The index of freedom of the press in Georgia has remained the same according to the latest World Press Freedom Index 2017.
World Press Freedom Index unchanged for Georgia
By Tea Mariamidze
Thursday, April 27
The report was released by the non-governmental organization Reporters without Borders (RSF).
The 2016 report of RSF says Georgia still takes 64th place in the list of 180 countries, the same as this year.
However, the index says that the reforms of recent years have brought improvements to Georgia’s media landscape, namely media ownership transparency, satellite TV pluralism, and an overhaul of the broadcasting regulatory authority.
“After a series of scandals, the constitutional court ruled in April 2016 that surveillance by the intelligence agencies should be subjected to certain safeguards,” the report reads.
The NGO says that violence against journalists is less frequent, although threats are often reported.
“But the media continue to be very polarized and, despite some progress, media owners often call the shots on editorial content,” the report says.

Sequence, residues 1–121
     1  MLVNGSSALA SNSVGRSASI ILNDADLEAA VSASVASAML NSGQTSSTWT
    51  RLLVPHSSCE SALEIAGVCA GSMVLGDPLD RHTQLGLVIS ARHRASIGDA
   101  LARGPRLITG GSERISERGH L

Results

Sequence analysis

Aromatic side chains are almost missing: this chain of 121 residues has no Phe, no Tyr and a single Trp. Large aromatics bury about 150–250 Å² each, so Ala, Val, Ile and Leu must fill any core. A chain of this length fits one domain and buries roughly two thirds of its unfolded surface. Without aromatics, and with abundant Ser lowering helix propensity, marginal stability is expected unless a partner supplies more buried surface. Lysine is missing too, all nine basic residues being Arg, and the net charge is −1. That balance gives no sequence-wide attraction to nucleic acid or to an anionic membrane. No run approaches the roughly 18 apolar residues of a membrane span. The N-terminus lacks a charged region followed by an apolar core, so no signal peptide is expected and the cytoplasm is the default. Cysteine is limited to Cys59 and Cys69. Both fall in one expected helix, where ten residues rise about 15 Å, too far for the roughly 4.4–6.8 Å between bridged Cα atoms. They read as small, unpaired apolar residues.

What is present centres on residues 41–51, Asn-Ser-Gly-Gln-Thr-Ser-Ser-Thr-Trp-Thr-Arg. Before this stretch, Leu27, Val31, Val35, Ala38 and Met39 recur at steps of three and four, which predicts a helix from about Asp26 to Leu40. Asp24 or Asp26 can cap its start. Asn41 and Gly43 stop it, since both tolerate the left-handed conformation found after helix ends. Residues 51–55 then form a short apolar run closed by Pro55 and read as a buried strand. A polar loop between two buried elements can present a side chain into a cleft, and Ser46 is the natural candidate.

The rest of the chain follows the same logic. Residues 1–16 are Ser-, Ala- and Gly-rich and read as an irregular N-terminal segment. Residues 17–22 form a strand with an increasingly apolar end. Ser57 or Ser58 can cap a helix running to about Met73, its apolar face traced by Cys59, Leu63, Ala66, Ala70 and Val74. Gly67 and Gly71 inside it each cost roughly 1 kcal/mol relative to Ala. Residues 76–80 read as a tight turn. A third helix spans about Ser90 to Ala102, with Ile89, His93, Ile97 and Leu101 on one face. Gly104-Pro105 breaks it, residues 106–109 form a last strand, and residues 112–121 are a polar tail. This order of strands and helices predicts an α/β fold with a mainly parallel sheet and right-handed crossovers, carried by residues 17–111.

The document also mentions a court dispute over the ownership of opposition-minded broadcaster Rustavi 2, adding that the fate of the main national opposition TV channel will serve as a test.
“The war for ownership of the main TV channels is a source of concern for the future of pluralism,” the NGO says.
The Index saw each country evaluated in seven categories – pluralism, media independence, environment and self-censorship, legislative framework, transparency and infrastructure. According to this Georgia gained a score of 27.76.
Lower scores mean better press freedom, and higher scores mean less press freedom.
The top five countries with the most press freedom are Norway, Sweden, Finland, Denmark, and the Netherlands.